Hogan Not Enough in Solid DS Wrestling Title

The Nintendo DS isn’t exactly the first system you’d expect to see a quality wrestling title, but “TNA Wrestling: Cross the Line” is one indeed.

With decent controls, graphics and presentation, the title is easily one of the best wrasslin’ games on the handheld.

That however isn’t saying much.

Nevertheless, it’s hampered from a series of problems that prevent it from garnering the three count it could have gotten otherwise.

For one, featuring only 18 wrestlers, two being Consequences Creed and Curry Man, both of whom aren’t being used in any current story lines, there’s just not enough depth to the roster to keep you entertained very long. With all the new additions to the company over the past seven months, there’s no excuses why talents like Jeff Hardy, Mr. Anderson, Rob Van Dam and Ric Flair weren’t included.

Simply put, the addition of just Hulk Hogan can’t satisfy all by itself.

This sentiment especially rings true when many of the movesets aren’t in the least bit realistic either, hampering the game even further.

Hogan and Mick Foley doing the tornado DDT? What about Foley doing the Blackhole Slam as a finisher?

Yeah right.

Aside from that, some of the animations for the finishing moves are just abysmal. Hogan’s leg drop for instance looks like a high knee followed by a crooked leg drop across someone’s chest. As well, several clipping and collision problems limit the overall fun and make playing the game more a chore than the smashfest it feels like at times.

Nevertheless, in spite of these zits, this game has its moments.

Featuring video intros a-la “WCW Thunder” for the original Sony Playstation the presentation is pretty cool. The same thing goes for the control scheme, which effectively uses the DS touch screen for pins and submissions, going a long way in making the game enjoyable.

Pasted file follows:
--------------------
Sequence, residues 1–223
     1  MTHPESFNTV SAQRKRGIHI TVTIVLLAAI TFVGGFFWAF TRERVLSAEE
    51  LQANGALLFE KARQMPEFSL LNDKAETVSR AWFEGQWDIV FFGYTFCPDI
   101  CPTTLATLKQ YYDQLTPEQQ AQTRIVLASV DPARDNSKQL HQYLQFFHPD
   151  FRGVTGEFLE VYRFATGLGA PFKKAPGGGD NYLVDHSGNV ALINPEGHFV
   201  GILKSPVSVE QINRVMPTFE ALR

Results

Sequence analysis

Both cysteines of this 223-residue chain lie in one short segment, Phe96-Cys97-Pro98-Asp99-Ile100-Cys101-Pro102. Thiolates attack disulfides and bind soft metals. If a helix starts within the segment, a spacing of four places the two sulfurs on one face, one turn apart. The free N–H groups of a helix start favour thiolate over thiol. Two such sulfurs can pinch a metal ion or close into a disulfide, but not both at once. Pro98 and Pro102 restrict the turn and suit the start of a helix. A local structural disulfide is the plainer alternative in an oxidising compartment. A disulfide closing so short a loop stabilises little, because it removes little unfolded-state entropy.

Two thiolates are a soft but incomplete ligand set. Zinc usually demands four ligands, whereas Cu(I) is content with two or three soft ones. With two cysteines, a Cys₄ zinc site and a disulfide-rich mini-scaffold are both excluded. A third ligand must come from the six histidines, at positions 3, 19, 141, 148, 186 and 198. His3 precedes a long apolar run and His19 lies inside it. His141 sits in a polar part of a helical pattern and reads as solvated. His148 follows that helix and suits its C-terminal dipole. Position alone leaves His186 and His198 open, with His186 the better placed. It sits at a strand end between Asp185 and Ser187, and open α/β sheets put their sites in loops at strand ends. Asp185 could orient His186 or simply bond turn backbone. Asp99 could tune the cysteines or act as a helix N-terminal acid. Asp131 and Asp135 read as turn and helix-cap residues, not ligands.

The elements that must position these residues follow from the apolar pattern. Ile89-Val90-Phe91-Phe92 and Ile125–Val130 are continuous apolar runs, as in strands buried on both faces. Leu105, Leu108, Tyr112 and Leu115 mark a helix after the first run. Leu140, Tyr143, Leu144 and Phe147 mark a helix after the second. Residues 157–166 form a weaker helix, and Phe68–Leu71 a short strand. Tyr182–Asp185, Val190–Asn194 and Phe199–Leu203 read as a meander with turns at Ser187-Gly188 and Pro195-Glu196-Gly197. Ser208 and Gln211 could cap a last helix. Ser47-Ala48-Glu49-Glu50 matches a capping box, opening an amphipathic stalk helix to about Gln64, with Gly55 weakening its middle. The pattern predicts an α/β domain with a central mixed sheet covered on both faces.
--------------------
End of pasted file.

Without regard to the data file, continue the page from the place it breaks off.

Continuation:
Graphically, the game resembles another PSone title, “WCW vs the World,” as the blocky and mishapen character models aren’t the least bit attractive, but they get the job done and give the game a unique and old school look. With some more polish though, this game could have looked like something like “WCW Revenge.”

While the overall look of the title is slightly above mediocre, it’s solid enough to not be an eyesore and help round out a more than entertaining entry in the DS library.

As a result, if you can forgive its problems and don’t care about having the newest wrestlers or realstic movesets, this is the game for you. Hardcore fans however may have to wait until next year before their hunger for a super high quality wrasslin’ game is quenched.

About Patrick Hickey Jr. 9556 Articles
Patrick Hickey Jr. is the Founder, Editor-in-Chief, Master Jedi and Grand Pooh-bah of ReviewFix.com and is the author of the book, "The Minds Behind the Games: Interviews with Cult and Classic Video Game Developers," from leading academic and non-fiction publisher McFarland and Company. He is currently the Assistant Director of the Journalism Program at Kingsborough Community College and is a former News Editor at NBC Local Integrated Media and a National Video Games Writer at the late Examiner.com. He has also had articles and photos published in The New York Times, The New York Daily News, Complex and The Syracuse Post-Standard. Love him. Read him.

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